Finance

A MasterCard or a Masters card: Trademark battle over credit cards

Kirsten Robb /

Credit card provider MasterCard has opposed a trademark application by hardware store Masters Home Improvement, after the Woolworths-owned company applied to use the name Masters on credit cards and store cards.

The move by Masters into the financial space follows recent revelations the hardware business has been operating at a loss.

The Australian reports the credit card giant has opposed the trademark application of Masters as it relates to two classes of goods and services covering a broad range of financial services products, including management of discount programs and customer accounts such as trade accounts, credit and charge card services and issuing prepaid and stored value cards.

Finlaysons intellectual property, media and technology partner John MacPhail told SmartCompany it is likely MasterCard will be able show there is an overlap in the way such a card might be used.

“The staff will say, ‘have you got a Masters card?’ Well that is clearly pretty close to MasterCard,” says MacPhail.

He says MasterCard has generally been very assiduous with its trademarking, as it is a one product company. He says it currently has 178 various registered trademarks, many of which relate to the word Masters.

“MasterCard would have no problem with Masters the hardware store, but when they start to go into the financial services area, there are more problems,” says MacPhail.

K&L Gates partner Jane Owen told SmartCompany there is inherent difficulty with trademarking the term ‘Masters’, as it is very non-distinctive term.

MacPhail agrees, pointing out there are about 25,000 variations of ‘Masters’ trademarks registered with IP Australia.

Owen says IP Australia has formed a view the Masters trademark in the financial services class was capable of acceptance, having given the application the preliminary green light.

She says Masters has not clearly infringed on MasterCard, and if the credit card provider did think to move forward with litigation, there would need to be consideration paid to Masters ongoing use of the term in its logo.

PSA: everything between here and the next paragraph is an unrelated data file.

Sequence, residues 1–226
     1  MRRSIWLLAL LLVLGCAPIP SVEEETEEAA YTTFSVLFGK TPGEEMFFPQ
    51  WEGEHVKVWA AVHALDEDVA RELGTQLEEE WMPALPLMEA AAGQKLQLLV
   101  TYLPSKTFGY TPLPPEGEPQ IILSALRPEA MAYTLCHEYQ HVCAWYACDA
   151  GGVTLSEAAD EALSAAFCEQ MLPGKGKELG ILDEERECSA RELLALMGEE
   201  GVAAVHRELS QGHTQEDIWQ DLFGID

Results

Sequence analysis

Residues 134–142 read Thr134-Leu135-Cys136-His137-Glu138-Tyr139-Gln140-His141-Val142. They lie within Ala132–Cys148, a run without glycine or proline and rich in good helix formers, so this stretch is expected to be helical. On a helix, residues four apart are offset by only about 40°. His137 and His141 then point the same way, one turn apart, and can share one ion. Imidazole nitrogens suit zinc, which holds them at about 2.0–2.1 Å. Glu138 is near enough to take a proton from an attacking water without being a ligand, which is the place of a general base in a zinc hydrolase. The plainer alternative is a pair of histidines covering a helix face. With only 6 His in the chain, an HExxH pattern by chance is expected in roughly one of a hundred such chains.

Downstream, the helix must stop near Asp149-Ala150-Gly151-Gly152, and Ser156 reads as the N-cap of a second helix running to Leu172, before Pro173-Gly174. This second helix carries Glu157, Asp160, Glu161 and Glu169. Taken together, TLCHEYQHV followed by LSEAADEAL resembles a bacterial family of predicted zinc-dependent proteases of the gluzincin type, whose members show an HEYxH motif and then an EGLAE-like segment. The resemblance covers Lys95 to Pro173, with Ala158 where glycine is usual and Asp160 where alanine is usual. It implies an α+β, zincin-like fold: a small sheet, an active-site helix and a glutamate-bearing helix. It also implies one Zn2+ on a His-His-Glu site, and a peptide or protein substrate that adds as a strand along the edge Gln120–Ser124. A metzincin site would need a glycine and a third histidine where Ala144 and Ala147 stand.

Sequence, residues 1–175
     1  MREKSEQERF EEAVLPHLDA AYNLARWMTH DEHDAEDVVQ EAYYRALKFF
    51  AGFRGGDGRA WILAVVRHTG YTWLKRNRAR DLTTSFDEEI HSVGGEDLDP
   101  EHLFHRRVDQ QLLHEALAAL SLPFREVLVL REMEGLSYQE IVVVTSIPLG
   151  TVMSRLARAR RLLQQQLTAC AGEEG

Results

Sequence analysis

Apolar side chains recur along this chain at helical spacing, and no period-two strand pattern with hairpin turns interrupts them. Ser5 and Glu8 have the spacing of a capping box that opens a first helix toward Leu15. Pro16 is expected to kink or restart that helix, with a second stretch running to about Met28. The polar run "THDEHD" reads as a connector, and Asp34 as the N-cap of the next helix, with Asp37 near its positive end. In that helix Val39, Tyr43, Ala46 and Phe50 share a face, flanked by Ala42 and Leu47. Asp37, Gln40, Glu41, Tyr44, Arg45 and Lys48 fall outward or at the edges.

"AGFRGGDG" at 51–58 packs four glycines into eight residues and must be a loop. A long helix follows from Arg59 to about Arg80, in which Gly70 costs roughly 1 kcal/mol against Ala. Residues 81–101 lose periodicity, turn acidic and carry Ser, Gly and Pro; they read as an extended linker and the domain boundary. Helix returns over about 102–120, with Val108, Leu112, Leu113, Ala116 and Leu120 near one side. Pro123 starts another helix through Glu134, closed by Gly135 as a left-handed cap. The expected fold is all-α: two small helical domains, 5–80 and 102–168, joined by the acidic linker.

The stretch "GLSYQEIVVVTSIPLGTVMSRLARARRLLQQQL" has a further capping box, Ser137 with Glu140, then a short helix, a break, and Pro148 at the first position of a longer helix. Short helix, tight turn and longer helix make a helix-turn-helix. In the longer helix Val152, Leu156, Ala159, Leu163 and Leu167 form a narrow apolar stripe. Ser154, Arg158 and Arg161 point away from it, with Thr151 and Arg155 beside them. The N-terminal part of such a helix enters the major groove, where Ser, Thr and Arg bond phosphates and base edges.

“It’s not a fait accompli in terms of this opposition,” says Owen. “This may be a bit of a storm in a tea cup.”

The Australian reports both companies are believed to be in negotiations to work out an agreement allowing Masters to launch credit cards or store cards without confusing its hardware shoppers that they are MasterCard ­products.

Owen says these sorts of coexistence agreements are very common.

She says any small business attempting to register a name that overlaps with an existing trademark should “go in with their eyes wide open”.

“It’s not so bad if your trademark is opposed, but it is a catastrophe to be sued for infringement or you’re forced to rebrand mid-way through,” she says.

MacPhail agrees the ensuing battle will likely not be worth it for a small business operator.

“Unless you’re really in love with the trademark, don’t invite trouble at the start of the business. You already have enough problems when you start a business, why take on an extra one?”

A MasterCard spokesperson confirmed to SmartCompany the credit card provider is in discussion with Woolworths to ensure consumers do not become confused by different financial products in the market. 

SmartCompany contacted Woolworths, but did not receive a response prior to publication.

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Kirsten Robb

Kirsten Robb is a former journalist at SmartCompany. Previously, she worked at News Corp as a property reporter for Leader Newspapers and the Herald Sun, and holds a Masters of Journalism at Melbourne University.

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